I’m not even sure that I will be going fully back to the work office in the fall– it has been really nice not being constantly interrupted by students or given a bazillion small service assignments just because I’m there.  Also I seem to be the only person that junior faculty ask for advice which… I’m fine with when it’s junior faculty in my field and I’m the right person for it, but less fine with when there’s a better person to ask (I’ve been doing a lot more, “Go ask X”).  Though I guess I’m still getting those emails.  One of my friends asked me to restart our daily walks two weeks after our second vaccine.  But I just don’t want to go into work, so I said no.  (I have to rush home after class for another zoom meeting, or I would do it after class on the days I go in, I guess.)

Regardless of the vaccine situation DC2 (age 9 next fall) will be going back to school.  I can’t see middle school working out from home (unlike this year where elementary school has been fantastic).  This particular middle school has had pretty low case loads, and most of the elementary schools that feed into it are similarly low caseloads.  I’m strongly hoping that DC1 will be able to get vaccinated this summer– but first Pfizer has to approve and then we have to find a place that gives out Pfizer.  But we’re willing to drive to find a place.  (Our little part of the state has leaned heavily into Moderna.)

I’m hoping to be able to convince my sister to drive down from the city to see us once she’s fully vaccinated, but I suspect she’s going to hold out for us going into the city which is less safe.  DH will probably not be convincable about that until the kids have been vaccinated.  My in-laws are still making noise about visiting us in the Fall– they’re both fully vaccinated but summer in the South is awful (even ignoring high prevalence rates and evil anti-vaxxers) so their visit would be pretty much just stuck inside our house which is pretty boring as delightful as my children are.  We thought briefly of going up to the midwest to visit ourselves, but there’s still the problem of getting there.

So yeah, I don’t know.  I’ve been leaning heavily into not putting on pants, not making small-talk, etc.  It will be hard to go back.  This time last year I really wanted to get away to like a cabin someplace beautiful and cool with water, but somehow I’ve lost my yearning to actually be in nature.  Maybe it’s all the beautiful pictures that Microsoft shows on start-up screens — anyplace we could get to without a plane trip just isn’t going to measure up.

At some point after classes end, I have a plan to take all our plastic grocery bags from curbside to the grocery store recycling place.  But that’s the only major thing we’ve got.  Basically I plan to cling to my house and zoom as best I can.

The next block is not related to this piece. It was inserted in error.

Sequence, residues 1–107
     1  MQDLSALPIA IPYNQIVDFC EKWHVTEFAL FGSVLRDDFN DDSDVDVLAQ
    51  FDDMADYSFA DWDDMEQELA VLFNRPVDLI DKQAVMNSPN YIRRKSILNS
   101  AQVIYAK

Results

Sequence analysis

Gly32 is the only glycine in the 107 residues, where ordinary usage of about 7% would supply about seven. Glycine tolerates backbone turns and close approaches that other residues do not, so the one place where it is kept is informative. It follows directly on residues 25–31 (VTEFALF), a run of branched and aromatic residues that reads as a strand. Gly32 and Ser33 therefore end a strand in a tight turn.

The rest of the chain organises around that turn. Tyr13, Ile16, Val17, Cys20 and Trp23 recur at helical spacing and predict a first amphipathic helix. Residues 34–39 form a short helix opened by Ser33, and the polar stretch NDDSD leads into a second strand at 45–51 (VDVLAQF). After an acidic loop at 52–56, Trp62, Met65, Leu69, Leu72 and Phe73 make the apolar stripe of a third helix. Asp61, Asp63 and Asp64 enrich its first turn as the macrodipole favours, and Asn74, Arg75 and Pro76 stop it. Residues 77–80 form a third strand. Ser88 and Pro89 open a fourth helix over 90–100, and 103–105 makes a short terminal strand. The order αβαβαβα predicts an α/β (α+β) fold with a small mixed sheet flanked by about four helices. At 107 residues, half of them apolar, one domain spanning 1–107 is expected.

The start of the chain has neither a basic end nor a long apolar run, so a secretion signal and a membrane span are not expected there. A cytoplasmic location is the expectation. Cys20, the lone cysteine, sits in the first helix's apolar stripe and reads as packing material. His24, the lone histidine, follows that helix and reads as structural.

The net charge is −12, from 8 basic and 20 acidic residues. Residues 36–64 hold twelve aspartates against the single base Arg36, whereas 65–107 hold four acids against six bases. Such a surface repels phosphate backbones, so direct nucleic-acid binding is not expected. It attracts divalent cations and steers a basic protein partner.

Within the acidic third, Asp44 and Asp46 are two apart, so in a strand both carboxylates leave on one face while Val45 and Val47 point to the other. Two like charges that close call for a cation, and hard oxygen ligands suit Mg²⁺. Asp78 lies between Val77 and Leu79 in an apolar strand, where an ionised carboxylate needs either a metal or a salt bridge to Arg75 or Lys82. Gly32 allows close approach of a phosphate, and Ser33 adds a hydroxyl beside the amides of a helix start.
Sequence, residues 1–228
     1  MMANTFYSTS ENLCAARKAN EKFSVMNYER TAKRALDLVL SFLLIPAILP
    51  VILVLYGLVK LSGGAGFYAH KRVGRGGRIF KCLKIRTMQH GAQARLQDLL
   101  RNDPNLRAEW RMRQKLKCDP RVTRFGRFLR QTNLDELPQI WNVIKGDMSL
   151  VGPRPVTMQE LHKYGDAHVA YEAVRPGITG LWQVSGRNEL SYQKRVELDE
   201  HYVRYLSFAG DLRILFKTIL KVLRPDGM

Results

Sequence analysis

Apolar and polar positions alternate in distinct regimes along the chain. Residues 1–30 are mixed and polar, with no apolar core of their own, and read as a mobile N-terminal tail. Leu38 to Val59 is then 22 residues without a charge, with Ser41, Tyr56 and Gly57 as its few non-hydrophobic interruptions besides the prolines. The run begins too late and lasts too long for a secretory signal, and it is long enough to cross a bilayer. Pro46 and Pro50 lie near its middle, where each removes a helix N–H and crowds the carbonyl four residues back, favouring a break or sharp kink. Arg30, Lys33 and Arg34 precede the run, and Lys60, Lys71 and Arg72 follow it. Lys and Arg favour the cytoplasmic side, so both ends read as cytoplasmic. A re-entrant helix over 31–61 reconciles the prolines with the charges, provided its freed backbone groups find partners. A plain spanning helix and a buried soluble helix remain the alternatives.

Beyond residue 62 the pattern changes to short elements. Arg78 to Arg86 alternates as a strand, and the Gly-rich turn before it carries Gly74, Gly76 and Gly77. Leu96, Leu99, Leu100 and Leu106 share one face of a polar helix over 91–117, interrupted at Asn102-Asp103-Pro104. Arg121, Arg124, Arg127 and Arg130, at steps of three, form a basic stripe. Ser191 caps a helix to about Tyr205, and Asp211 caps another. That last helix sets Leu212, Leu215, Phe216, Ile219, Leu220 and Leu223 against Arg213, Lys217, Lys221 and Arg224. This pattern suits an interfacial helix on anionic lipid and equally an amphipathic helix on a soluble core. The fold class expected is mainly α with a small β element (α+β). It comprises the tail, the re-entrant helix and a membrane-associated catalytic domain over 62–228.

What have you all been doing since getting fully vaccinated?  What do you plan to do?

Wanna see my planner layout?

No, I’m not trying to horn in on the shu box.  As you can see, there is nothing neat, beautiful, or inspirational about my planner layouts!  (Except my beautiful pens, of course.)

But I’ve been trying some new things with planning this year because I’m just too scattered with too many things going on.  And yet, I have the luxury of having just one work-space rather than having to transport things back and forth.

To start with, I have my Moleskine calendar which I have had every year since my professional organization stopped providing them free.  I use this just for due dates and actual appointments.  I picked a somewhat light week appointment-wise because I was able to strategically place my beautiful EnerGel Clenas over potentially identifying names, which I cannot do every week.

Weekly calendar

I actually ran out of ink in my main Clena and had to refill it because I love this pen so much. It’s .4 blue/black. The brown is also .4 and has brown ink. It’s even prettier with the sticker removed, which I did eventually.

The new thing is that instead of having sheets of half paper scattered all over my office with to-do lists and daily schedules and full sheets and notepads with project info… I’ve moved most of my projects to Trello or Github (which both have benefits and drawbacks), and I’ve taken over one of DH’s unused Moleskine lab notebooks (he prefers lined or dot grid– I had been trying to buy a blank black hardback one for ages but they’d been sold out and finally he remembered he had one he wasn’t using) to replace the scattered paper.

DH's Hobby/Bucket List

The one page that DH used in this book before he decided he prefers Leuchtturm1917 with lines or dot grids over unlined Moleskine. He has since completed the coffee roaster (it has been years since he last used it) and has made 3 Moccasins (not 3 pairs, 3 individual slippers). He also has started occasionally taking B-complex for the memory and it seems to help? I guess DC2 has kind of been teaching him Spanish? He has definitely not worked on singing.